What North Korea’s Plenum now means for U.S. foreign policy
While a window of opportunity to turn things around remains, there is a very low chance it will be seized upon
Despite Kim Jong Un urging the U.S. to make a “resolute decision” on renewed talks before year’s end, the North Korean leaders’ self-imposed deadline expired on Tuesday night without sign of any eleventh-hour breakthrough.
The consequences were quickly spelled out when official DPRK state media revealed on Wednesday the conclusions of four days of high-level deliberations at December’s extraordinary plenum.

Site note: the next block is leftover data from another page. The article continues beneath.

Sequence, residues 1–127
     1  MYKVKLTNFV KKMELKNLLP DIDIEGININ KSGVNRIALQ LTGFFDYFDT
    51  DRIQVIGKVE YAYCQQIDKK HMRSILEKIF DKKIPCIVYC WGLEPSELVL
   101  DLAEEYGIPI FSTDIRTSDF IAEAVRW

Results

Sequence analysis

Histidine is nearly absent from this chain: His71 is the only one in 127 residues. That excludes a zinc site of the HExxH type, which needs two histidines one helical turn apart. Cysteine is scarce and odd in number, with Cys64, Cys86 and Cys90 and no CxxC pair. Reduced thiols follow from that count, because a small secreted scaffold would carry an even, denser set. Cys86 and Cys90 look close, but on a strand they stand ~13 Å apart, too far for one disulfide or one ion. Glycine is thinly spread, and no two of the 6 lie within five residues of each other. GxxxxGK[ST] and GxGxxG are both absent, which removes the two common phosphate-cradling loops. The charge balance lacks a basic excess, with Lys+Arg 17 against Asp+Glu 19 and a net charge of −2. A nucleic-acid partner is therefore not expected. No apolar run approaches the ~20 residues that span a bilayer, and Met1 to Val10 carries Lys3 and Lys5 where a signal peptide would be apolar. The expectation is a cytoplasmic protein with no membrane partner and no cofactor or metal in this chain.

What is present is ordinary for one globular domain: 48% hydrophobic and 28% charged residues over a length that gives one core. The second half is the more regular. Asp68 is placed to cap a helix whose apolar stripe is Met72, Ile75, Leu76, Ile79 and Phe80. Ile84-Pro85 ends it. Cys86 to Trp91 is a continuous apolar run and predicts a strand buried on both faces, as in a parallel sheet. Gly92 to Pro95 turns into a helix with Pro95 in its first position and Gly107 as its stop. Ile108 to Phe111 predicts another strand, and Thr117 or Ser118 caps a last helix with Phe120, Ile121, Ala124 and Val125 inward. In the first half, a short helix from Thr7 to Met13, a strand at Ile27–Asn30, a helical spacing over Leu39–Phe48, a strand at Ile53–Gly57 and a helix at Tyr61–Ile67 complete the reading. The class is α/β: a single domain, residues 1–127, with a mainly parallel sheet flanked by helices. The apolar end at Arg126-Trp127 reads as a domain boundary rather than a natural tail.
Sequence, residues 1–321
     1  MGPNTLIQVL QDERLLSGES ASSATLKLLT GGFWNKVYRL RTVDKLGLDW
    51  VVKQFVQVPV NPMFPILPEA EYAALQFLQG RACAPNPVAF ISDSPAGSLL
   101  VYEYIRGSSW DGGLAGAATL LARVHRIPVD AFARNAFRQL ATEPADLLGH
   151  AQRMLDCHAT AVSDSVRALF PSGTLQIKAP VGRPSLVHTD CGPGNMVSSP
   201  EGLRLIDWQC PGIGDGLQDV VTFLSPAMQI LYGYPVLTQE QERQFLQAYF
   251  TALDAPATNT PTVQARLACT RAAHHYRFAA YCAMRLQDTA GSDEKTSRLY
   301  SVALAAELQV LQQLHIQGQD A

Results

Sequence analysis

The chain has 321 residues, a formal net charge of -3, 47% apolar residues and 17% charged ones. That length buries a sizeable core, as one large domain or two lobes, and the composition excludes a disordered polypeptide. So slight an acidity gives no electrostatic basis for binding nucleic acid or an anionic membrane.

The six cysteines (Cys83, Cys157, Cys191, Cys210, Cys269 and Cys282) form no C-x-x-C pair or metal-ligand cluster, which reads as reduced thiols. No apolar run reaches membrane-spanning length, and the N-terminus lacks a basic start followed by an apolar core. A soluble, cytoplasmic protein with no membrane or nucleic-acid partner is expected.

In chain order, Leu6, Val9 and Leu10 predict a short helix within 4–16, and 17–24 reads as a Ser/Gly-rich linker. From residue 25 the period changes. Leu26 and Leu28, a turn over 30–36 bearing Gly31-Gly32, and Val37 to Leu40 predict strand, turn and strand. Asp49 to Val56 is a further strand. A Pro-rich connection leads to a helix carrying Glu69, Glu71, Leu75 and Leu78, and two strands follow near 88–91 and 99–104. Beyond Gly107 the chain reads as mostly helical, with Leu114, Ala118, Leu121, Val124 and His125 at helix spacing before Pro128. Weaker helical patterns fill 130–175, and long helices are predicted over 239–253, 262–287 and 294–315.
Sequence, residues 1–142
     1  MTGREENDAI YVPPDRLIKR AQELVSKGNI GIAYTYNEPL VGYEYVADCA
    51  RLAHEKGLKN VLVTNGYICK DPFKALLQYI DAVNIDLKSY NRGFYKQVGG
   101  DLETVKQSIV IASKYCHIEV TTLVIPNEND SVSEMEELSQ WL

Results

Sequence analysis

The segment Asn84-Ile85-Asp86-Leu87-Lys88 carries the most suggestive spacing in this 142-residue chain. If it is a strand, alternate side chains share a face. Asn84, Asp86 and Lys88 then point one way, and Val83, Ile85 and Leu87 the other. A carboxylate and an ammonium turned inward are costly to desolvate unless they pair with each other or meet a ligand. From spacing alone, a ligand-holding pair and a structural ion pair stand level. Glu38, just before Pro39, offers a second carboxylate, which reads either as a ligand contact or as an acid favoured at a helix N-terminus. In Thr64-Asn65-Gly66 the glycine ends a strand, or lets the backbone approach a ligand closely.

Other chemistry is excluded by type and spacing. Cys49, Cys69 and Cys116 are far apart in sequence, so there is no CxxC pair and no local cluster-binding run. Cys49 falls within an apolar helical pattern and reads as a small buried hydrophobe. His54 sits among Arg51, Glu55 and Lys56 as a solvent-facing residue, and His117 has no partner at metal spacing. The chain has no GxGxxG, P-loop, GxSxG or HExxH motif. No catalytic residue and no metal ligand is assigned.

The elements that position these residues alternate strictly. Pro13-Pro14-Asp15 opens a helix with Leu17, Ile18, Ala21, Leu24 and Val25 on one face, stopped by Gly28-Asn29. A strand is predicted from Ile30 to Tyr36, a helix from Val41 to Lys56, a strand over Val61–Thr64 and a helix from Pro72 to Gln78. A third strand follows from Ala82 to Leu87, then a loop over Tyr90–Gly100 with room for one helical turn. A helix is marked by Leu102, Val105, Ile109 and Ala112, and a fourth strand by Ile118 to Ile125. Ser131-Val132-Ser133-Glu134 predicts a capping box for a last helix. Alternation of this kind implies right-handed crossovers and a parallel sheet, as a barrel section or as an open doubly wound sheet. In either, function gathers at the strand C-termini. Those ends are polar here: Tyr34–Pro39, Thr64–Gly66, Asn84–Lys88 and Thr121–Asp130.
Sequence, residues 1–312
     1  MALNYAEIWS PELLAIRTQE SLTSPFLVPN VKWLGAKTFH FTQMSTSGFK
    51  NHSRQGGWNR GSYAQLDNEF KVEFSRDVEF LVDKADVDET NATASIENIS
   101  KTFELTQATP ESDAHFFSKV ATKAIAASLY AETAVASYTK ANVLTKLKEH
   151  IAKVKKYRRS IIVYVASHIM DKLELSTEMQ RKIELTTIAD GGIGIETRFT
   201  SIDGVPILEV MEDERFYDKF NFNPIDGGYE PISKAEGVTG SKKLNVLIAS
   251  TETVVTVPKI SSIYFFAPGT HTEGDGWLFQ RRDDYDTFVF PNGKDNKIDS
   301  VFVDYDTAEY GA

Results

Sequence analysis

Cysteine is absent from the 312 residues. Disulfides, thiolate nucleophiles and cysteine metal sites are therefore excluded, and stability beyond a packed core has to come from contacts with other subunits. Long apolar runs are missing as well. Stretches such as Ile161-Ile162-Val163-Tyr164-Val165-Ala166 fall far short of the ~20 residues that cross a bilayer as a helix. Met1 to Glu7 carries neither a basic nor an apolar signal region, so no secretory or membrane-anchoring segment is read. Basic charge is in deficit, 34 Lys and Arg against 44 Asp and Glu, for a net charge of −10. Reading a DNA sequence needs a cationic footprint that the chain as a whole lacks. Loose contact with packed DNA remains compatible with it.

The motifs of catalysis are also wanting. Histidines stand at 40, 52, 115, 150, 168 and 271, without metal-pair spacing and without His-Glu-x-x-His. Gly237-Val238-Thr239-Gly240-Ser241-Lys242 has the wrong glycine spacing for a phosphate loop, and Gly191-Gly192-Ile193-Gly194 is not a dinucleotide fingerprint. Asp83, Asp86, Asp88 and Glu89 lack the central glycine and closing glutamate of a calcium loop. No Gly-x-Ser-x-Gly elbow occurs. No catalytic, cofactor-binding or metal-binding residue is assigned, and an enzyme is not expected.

While the event fell short of articulating worst-case U.S. fears about the future direction of North Korean foreign policy, it nevertheless created a range of important concerns for what constitutes one
- 01How sanctions failed to stop North Korea from developing dangerous weapons tech
- 02‘Growing scope’ of North Korean nuclear weapons shown in unpublished UN report
- 03Photos: Shops, restaurants and Sinuiju port – a view from Dandong in July
- 04Timeline: From multiple Kim Jong Un appearances to defector ‘suspected’ of COVID
- 05Why Lee In-young may be the most vocal and successful unification minister yet
- 06North Korean ships spotted returning to old coal smuggling routes near Vietnam
- 07North Korea in July 2020: a month in review and what’s ahead
- 08North Korea’s first suspected COVID-19 case sparks joy and censorship in China